Posted: Tuesday January 9, 2007 2:43PM; Updated: Tuesday January 9, 2007 3:14PM
Kirk Hinrich (left) shot 6-of-31 from the field in his first three games this month after struggling offensively in December.
The latest casualty of Team USA's lovely little trek to Japan late last summer is Chicago's Kirk Hinrich, who has been playing some pretty lousy basketball of late. He has long been one of the league's worst at finishing around the rim, and his jump shot has always been more streaky than sound, but his play over the last five weeks has to worry the Bulls.
Hinrich averaged just 12.4 points (on 41.4 percent shooting) and 5.5 assists in 33.3 minutes in December, and has seen the wheels come off completely in January. Three games, two losses, 6-of-31 shooting (19 percent), seven points and 6.3 assists in 33 minutes a contest in 2007.
My All-Defensive Teams, thus far (second team in parenthesis):
Heading back to the Atlantic (sorry), it's hard to see the Nets doing anything of note even with a healthy Jefferson and Kidd and Nenad Krstic back on board. The Nets, despite their reputation as a running team, usually aren't. They're 15th in possessions per game, up from 18th last season. They ranked 21st in 2004-05, and 18th the season before. And though Carter is probably looking to stay in New Jersey past this summer (he can make more money with the Nets than anywhere else, after all), GM Rod Thorn needs to take a long look at his guard-heavy roster. Then he needs to look at Golden State, and trade for a guard.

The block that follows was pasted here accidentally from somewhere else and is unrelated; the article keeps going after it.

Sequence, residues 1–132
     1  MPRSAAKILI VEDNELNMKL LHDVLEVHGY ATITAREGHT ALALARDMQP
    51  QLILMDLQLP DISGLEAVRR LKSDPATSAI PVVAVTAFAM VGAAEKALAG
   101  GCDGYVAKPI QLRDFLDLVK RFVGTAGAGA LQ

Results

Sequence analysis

The Warriors like to run now, which is bad news for Jason Richardson. The sixth-year guard plays the right way, but he needs a slow-down offense and the ball to be effective. Despite his fabulous jumping ability, his game just isn't made for the fast break. Even before breaking his shooting hand Dec. 31, Richardson was struggling through an injury-plagued month in which he shot 29.4 percent and averaged 8.8 points. His per-game scoring average has dropped nearly 11 points under Don Nelson, and he'll probably never be a good fit with Nellie on board, which is why Thorn needs to try to grab the 25-year-old guard while his value appears low.
Swap Carter, rookie Josh Boone and 7-foot-1 project Mile Ilic for Richardson, Troy Murphy and Ike Diogu. The Nets pick up some depth and scoring up front -- Murphy is perfect to space the floor and Diogu can do things with the ball down low -- while the Warriors drop Richardson's and Murphy's contracts. Diogu doesn't play much (for some reason), and the Warriors get a chance to win Carter over for a few months. If Carter passes on staying in Oakland this summer, then they simply plug his wing position with Mickael Pietrus and Monta Ellis (which is what they're doing already, even with Richardson healthy) and enjoy a little cap flexibility.
Hoops fans who has suffered through a season with their favorite team habitually underachieving can understand what Kevin Arnovitz of ClipperBlog.com is dealing with. After bashing your head trying to come up with easy answers behind a team's lousy play (a coach who should know better, a knucklehead scorer who doesn't know a thing, a GM who refuses to get to know some other team's All-Star trade bait a little better), you start to step back after a while. Your team is 16-19, it recently lost to the Hawks and the simple answers just aren't making any sense. They rarely do.
Enervated, you realize that maybe the talent on hand isn't as hot as you once thought; the falloff from the venerated vets has been steeper than expected; the uptick from the young talent hasn't been decisive enough; and perhaps your favorite team isn't underachieving at all. That they are what they are, and where they are ain't where you want to be. Bummer.